Because of the stories of domestic violence that have been surfacing in the NFL, I have been putting off writing about Senator Kirsten Gillibrand’s account of sexual harassment from fellow senators in the Congressional gym. In addition to the story itself, I have been struck by criticism directed at Gillibrand at how she has handled it. I have been teaching the 18th century poetry of Lady Mary Wortley Montagu and think that how this early feminist handled sexism casts some light on Gillibrand’s own approach.
Here, according to People, is Gillibrand’s account of her Congressional colleagues acting badly:
In Off the Sidelines, Gillibrand, 47, shares a sobering incident in the congressional gym, where an older, male colleague told her, “Good thing you’re working out, because you wouldn’t want to get porky!” On another occasion, she writes, after she dropped 50 lbs. one of her fellow Senate members approached her, squeezed her stomach, and said, “Don’t lose too much weight now. I like my girls chubby!”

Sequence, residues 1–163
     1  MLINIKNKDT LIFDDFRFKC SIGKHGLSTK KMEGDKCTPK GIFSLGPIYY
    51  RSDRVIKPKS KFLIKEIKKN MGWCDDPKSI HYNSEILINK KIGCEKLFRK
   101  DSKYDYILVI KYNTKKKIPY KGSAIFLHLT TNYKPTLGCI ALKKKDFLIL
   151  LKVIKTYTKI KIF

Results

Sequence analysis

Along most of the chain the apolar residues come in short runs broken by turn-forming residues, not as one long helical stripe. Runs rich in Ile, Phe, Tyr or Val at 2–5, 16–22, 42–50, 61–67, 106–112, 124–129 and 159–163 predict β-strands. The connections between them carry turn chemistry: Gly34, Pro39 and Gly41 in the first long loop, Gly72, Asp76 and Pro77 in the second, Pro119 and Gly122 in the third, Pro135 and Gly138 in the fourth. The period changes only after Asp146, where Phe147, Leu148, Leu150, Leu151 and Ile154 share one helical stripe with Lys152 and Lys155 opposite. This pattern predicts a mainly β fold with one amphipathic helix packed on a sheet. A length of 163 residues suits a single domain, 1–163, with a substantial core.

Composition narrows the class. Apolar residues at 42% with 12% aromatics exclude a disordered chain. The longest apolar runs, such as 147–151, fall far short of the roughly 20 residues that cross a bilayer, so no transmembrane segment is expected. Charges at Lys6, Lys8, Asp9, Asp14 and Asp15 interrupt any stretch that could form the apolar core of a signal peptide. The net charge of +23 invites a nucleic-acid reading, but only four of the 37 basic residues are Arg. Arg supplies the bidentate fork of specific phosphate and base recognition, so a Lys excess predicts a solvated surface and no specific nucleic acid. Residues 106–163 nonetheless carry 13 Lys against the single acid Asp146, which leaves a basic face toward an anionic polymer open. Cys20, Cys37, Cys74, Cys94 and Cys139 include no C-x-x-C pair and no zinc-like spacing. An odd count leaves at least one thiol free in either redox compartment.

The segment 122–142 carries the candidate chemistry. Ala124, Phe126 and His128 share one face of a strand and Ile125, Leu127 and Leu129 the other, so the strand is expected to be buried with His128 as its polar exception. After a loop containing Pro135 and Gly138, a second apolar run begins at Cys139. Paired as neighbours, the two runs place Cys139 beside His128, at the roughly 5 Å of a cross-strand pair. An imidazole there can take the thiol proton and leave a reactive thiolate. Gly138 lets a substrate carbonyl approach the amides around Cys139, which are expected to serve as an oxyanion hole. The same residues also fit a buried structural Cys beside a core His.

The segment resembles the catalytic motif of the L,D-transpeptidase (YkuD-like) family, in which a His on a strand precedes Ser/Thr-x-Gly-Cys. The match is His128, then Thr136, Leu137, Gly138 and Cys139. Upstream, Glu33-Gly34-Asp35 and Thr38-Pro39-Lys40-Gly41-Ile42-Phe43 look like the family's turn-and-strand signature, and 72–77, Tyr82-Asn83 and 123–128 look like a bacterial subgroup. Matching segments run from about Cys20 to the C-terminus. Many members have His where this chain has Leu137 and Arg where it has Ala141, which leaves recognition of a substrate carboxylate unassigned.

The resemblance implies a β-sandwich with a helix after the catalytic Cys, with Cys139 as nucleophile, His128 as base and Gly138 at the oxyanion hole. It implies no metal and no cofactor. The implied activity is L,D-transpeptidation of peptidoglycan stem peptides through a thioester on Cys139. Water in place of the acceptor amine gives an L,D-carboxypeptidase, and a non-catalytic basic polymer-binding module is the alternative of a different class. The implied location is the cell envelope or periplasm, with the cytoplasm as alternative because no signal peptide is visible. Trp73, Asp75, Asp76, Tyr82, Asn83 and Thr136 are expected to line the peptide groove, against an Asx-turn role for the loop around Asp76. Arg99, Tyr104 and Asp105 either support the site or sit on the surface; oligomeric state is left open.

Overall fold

This being American politics in the 21st century, Gillibrand herself is now being criticized for her response. As Amanda Marcotte of Slate observes,
Whenever a woman tells her story of sexual harassment, there are those who set to work trying to blame her—for everything from what she wore when she was harassed, to her failure to punch the harasser in the nose. Sen. Kirsten Gillibrand revealed this week that she has been subjected to sexist comments about her body from her male colleagues, and, with a distressing inevitability, the discussion quickly became about how she, individually, should be doing more to stop this harassment. Gillibrand owes it to us to name names, the argument goes, lest she court accusations that she’s lying, and also in order to bring those men to justice.
Marcotte goes on to explain why she thinks Gillibrand has handled the incident the proper way and how, by directing attacks against her, people are dodging the issues that she has raised: